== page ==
Missing Ronnie Barron

Ah, Ronnie Barron, what a great musician he was, and a great guy. This photograph would have been in Everybody I Shot Is Dead, if it wasn't a single frame in a Chuck E. Weiss (still alive and playing amazing) roll of film. This photo was taken at the Troubadour a year or two after I shot Ronnie in Vancouver when he was playing with Paul Butterfield Better Days. And then I ran into him again when he was playing with John Mayall and I was working on Starart.


10/9/43 - 3/20/97

Not a lot to grab from YouTube. This video looks like crap but Ronnie's talent breaks through just fine...


Ronnie Barron is one of 48 musicians I honor in my book, Everybody I Shot Is Dead.  

Ronnie Barron

Today I am remembering Ronnie Barron. I caught this picture of him when he was touring with Paul Butterfield's Better Days band. He was also playing with John Mayall so I saw him around when I was working with John on my Starart book.


10/9/43 - 3/20/97

It's hard finding Ronnie Barron videos...this isn't the best image quality but the music is great. Fast forward to the 1:20 mark if you want to skip the introductions.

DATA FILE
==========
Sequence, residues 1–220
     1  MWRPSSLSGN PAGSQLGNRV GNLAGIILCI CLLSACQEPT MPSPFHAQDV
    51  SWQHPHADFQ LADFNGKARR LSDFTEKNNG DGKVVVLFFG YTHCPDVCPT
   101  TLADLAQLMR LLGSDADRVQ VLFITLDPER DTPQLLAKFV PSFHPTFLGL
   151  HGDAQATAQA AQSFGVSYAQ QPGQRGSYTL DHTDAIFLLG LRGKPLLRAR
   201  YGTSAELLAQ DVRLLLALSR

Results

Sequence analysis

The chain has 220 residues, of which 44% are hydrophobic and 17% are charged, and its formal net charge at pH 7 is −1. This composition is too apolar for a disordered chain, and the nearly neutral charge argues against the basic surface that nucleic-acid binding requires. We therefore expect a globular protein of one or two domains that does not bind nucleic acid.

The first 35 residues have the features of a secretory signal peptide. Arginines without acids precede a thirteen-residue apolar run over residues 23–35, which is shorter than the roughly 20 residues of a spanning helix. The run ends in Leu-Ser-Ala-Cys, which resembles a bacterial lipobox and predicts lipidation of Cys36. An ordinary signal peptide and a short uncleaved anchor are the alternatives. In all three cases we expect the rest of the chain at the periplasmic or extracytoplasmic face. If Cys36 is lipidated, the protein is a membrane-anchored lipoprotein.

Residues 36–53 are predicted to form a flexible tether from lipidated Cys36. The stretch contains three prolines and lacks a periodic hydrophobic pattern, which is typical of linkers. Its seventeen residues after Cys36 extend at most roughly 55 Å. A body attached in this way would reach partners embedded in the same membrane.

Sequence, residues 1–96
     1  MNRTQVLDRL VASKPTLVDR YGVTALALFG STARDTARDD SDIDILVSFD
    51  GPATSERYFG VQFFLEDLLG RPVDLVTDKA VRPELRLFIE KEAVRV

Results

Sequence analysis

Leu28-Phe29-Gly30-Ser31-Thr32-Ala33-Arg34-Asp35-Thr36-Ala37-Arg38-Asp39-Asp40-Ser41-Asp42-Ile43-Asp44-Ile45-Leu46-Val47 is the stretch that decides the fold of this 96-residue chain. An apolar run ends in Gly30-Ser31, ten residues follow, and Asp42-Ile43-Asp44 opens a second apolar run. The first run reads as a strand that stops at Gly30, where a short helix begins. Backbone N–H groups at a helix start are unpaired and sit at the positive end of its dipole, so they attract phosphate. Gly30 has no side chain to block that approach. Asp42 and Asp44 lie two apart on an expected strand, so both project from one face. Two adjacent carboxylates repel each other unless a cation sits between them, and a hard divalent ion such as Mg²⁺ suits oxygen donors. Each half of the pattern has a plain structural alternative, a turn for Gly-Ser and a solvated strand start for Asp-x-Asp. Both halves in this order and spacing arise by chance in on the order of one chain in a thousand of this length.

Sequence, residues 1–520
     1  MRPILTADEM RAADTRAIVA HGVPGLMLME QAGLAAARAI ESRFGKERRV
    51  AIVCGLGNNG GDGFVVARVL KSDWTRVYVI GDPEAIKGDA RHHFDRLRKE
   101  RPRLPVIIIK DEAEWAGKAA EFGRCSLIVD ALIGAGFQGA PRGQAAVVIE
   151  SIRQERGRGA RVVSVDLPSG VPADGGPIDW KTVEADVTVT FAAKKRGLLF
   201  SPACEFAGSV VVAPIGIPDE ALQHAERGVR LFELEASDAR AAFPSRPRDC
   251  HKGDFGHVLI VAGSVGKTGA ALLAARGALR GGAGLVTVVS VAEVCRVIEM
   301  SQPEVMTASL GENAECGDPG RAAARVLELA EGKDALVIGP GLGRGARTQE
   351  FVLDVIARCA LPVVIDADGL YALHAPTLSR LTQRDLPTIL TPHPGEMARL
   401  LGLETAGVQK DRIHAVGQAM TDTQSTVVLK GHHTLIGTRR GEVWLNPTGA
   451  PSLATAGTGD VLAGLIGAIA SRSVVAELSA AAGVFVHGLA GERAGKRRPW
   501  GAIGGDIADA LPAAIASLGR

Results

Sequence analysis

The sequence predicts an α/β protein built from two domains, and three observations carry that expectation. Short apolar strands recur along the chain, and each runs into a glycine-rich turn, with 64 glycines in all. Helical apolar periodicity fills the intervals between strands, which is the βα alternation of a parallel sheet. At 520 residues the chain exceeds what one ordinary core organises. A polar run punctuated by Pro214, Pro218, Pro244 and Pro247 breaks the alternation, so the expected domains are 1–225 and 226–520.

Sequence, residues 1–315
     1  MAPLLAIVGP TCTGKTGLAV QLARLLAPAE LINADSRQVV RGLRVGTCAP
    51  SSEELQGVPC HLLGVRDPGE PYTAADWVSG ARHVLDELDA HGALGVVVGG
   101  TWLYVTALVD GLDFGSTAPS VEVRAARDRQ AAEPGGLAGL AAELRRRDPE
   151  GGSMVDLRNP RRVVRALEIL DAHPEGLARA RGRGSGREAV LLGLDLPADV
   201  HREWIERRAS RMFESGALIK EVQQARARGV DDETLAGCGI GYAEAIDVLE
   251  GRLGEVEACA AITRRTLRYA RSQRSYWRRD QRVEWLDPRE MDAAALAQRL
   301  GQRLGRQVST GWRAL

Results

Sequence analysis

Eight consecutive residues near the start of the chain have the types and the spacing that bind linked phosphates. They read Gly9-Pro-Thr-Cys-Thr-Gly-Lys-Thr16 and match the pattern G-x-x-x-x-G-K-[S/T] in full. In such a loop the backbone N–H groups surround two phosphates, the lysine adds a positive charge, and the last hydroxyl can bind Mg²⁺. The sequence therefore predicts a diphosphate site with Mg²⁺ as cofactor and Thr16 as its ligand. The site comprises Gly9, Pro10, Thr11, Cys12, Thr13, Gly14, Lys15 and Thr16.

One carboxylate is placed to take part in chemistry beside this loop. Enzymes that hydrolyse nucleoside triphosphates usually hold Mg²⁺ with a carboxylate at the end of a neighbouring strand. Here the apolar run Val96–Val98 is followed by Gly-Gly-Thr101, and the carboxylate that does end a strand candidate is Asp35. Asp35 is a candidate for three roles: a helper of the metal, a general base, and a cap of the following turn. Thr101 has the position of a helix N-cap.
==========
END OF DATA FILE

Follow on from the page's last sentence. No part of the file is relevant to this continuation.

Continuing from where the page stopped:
Chuck E. Weiss

Another set of black and white negatives has been opened. The neg envelope says "184 - Eric Carmen" but I found so much more. I somehow managed to shoot three musicians, three different nights, on one roll of film. And that's only 36 frames, potentially giving me 12 frames each. I took 10 photos of Eric Carmen, 15 photos of Andrew Gold (who I will highlight tomorrow), and 12 of Chuck E. Weiss. Oops that's 39 frames...I was always really good at getting the most out of a roll of film. I'm just wondering why I called the roll Eric Carmen since he has the least number of photos. He was the last one on the roll so I think I was paid to shoot him and I have another roll kicking around that also has backstage pics. May post some pics of him when I come across the other shots.

The surprise on this roll of film - there's always a surprise - was the last frame of Chuck E's. He was the first one on the roll and when I got to frame 12 I couldn't believe it. I actually had to message Sir Weiss to ask him if this other guy had ever played with him or whether this other guy had a twin. He verified it was indeed the musician I thought it was. Damn. I really wish I had gone through all my negatives one-by-one when I was creating Everybody I Shot Is Dead because I could have added this photograph to his section. I was not happy that I only had one photo to represent him in the book. And this one is such a beautiful and happy photograph of both of them. Today, I am happy to unveil this special photograph for the first time. Chuck E. Weiss with the late, great Ronnie Barron. This and the other never-before-seen photographs in this post were shot at the Troubadour in Los Angeles in March, 1976.


Lastly, for those of you who missed out on the short film I made of Chuck E. Weiss and released last summer, hit the play button....